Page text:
Touchscreen Card Devices May Prevent Blind Customers Paying

Published Nov. 05, 2023
By Drew Hyndman
BBC Access All

Blind customers are being left “frustrated” and “embarrassed” by inaccessible payment devices.

Some shops have buttonless touchscreen card readers, meaning you need sight to tap in your PIN.

They are increasingly popular because they are cheap and the screen can be used to advertise items at checkout.

Technical solutions exist for many machines and businesses could find themselves in court if they do not have them enabled.

Many blind people told the BBC’s Access All podcast they have had to tell their PIN to strangers so they can have it typed in for them, or be forced to leave their unpurchased items behind because they’re unable to pay.

Angharad, an accessibility expert from Wales who is blind, told Access All she will refuse an item when asked to use one of these machines.

She said giving her PIN out to a sales assistant, or even someone she’s with “feels like an invasion of privacy that other people just don’t have to do”.

Angharad is one of many listeners to the Access All podcast who got in touch with experiences of being unable to pay because of the machines’ inaccessibility.

Dave Williams from blindness charity RNIB, who also spoke to the podcast, said the devices are “increasingly used by, particularly, the small-to-medium-sized businesses because they’re very widely available”.

He points out that the RNIB and UK Finance, who regulate payment services such as card readers, developed accessibility solutions for this problem a few years ago.

“Some of the manufacturers have tactile templates that fit over the touchscreen. There are also accessibility modes on some devices which will offer some audio cues to help you,” he said.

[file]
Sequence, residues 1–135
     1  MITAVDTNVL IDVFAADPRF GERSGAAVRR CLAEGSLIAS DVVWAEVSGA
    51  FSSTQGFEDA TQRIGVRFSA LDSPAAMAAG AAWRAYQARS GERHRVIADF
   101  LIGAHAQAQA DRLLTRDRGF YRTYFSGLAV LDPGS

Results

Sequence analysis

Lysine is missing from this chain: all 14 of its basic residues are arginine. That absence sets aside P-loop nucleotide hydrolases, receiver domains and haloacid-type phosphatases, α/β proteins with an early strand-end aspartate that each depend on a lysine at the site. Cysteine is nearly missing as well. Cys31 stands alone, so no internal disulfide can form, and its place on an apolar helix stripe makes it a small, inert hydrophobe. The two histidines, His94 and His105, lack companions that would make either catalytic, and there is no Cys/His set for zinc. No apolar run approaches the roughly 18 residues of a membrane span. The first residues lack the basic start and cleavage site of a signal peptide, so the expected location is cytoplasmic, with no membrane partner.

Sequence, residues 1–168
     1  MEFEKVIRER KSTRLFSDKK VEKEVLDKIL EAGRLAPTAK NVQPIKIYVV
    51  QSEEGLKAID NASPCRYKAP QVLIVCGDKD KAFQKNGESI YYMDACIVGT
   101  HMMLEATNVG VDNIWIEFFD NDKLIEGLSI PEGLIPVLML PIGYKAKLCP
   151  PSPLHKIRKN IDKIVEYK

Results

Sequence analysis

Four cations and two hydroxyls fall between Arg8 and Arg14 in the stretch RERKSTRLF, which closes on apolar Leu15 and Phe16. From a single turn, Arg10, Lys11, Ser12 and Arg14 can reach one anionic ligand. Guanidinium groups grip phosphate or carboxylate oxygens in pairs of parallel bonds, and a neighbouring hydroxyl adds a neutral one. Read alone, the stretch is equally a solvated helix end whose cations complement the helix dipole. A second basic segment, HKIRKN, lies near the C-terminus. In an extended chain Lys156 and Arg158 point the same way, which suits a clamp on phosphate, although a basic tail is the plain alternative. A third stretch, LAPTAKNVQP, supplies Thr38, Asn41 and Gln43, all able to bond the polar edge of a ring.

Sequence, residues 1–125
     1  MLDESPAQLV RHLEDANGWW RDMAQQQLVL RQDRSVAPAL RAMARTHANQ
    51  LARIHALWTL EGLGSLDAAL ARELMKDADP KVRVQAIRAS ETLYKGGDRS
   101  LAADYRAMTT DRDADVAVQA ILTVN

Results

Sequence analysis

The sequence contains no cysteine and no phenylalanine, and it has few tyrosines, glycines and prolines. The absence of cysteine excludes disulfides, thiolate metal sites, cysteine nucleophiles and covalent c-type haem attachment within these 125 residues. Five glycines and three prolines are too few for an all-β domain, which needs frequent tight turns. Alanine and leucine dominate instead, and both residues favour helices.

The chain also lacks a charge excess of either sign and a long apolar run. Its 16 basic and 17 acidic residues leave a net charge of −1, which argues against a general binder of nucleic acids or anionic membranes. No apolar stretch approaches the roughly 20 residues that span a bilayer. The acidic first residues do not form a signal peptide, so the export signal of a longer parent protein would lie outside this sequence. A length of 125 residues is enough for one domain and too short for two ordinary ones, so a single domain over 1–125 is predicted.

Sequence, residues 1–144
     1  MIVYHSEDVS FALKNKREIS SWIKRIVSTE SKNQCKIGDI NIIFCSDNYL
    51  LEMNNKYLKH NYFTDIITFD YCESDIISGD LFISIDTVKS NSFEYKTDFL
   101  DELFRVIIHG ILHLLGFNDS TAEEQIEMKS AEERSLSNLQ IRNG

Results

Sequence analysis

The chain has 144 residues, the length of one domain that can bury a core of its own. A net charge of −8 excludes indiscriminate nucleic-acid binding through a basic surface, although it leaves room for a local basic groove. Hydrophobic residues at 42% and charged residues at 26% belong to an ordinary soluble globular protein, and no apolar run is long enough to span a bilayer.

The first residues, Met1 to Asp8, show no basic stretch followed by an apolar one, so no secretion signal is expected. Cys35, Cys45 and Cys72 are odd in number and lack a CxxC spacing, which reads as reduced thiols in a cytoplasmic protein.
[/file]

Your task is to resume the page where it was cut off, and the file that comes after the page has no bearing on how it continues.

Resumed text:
However, blind consumers have told us retailers don’t appear to know about these options and point of sale problems still continue to frustrate.

Lawyer Chris Fry, who specialises in disability discrimination, said it’s not down to the manufacturers of the device, it’s the retailers themselves who could be in breach of the Equality Act.

“If I was instructed by somebody who then couldn’t access the service then we would be suing the business itself,” he said

Fry has been involved in several cases involving inaccessible card readers, and says that if a business offers to take cash as an alternative, that’s only a good solution if “handle correctly”.

“You should be told as a customer that your only option for payment is touchscreen so that you can make alternative arrangements.

“It’s no good getting to the counter after having done your shop and not knowing … how you’re going to pay, and then where the ATM is in order to go and pay.”

We contacted the Federation of Small Businesses about the issues being faced by blind users.

Their Policy Chair, Tina McKenzie said: “Digital payment systems which use touchscreen readers can be convenient for small retailers and for many customers who prefer to pay by card. But it’s absolutely vital for accessibility for blind and partially sighted people to be considered as well.

“Accessibility is a basic necessity, and with digital payment options continuing to evolve it should be at the forefront of card company and terminal manufacturers’ minds.”

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